A case study may be big tech companies, which are increasingly scrutinised by U.S. regulators and the government to prevent them from becoming too dominant. Scrutiny that includes the potential for tighter regulations could slow big tech’s growth rates. Also, Treasury yields continue to increase amid the Fed’s monetary policy tightening, which could lead to volatility and lower upside for the largest tech stocks, including those listed in the Nasdaq 100 Index.


In this situation, investors could implement a strategy that focuses on income generation while benefitting from the heightened volatility. One way would be to purchase the Nasdaq 100 Index and then sell call options on the index. This covered call strategy limits potential upside but generates income by collecting premiums from the option writing. In volatile markets, option premiums tend to be higher, so covered call strategies tend to perform best in choppy or sideways markets rather than in major bull or bear markets. Typically, the Technology sector is more volatile than other sectors, and options can harness that volatility. Selling at-the-money calls are often used to maximise volatility premiums.

Scenario 3: Sharp U.S. Recession — Buffers for the Downside

The U.S. Treasury yield curve remains deeply inverted, which is usually a signal that a recession is on the horizon. Also, oil prices are 35.4% percent lower than their peak in June 2022, which suggests investors are not expecting a rebound in economic activity despite China’s reopening.2 Depending on the level of conviction that a sharp U.S. recession is likely, strategies might differ. If investors are convinced of an upcoming bear market, they would likely reduce exposure to U.S. equities. If they are unsure, a more moderate approach could be to look at strategies that offer downside protection in exchange for some upside, such as a defined outcome strategy. This strategy enables investors to stay invested in equity whilst lowering equity betas.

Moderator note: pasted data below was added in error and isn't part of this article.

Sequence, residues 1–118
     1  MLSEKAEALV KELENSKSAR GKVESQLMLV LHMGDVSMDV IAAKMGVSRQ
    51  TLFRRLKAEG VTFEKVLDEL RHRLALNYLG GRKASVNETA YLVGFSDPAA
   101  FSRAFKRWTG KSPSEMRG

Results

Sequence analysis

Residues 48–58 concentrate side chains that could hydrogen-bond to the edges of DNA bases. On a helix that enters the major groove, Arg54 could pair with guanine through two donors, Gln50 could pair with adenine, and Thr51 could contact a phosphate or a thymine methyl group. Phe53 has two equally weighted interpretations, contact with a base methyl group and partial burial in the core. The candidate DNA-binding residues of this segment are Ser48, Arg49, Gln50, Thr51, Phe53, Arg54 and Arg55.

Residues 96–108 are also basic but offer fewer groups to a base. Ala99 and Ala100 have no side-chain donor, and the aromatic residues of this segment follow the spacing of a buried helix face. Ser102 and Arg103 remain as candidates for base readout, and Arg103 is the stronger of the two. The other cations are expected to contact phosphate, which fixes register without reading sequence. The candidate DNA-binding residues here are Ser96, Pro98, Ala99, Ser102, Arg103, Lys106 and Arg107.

Buffered strategies are a type of defined outcome strategy, built to mitigate investors’ loss aversion by absorbing a certain level of market losses over a defined outcome period. In bear markets, these strategies only expose investors to losses that exceed the buffer.

A combination of options is used to obtain a buffer. For example, a defined outcome strategy with 5% buffer protection protects against the first 5% of losses in the reference asset, such as the S&P 500 Index (SPX), over the course of the outcome period. The strategy typically includes a long exposure to the S&P 500 Index, a long put spread where the strike prices on the long and short put option positions determine the level of downside protection being offered (e.g., 5%), and a short SPX call. The upside cap is used to offset the premium costs of the put spread. The result is an exposure that achieves the full upside potential of the reference asset, up to a cap, with the ability to provide a specified amount of downside mitigation over the life of the contracts.

Unlike structured notes, buffered ETFs are more liquid and transparent, have limited credit risk, and are usually cheaper.

This document is not intended to be, or does not constitute, investment research as defined by the Financial Conduct Authority



  1. Bloomberg as of 10 February 2023
  2. Bloomberg as of 10 February 2023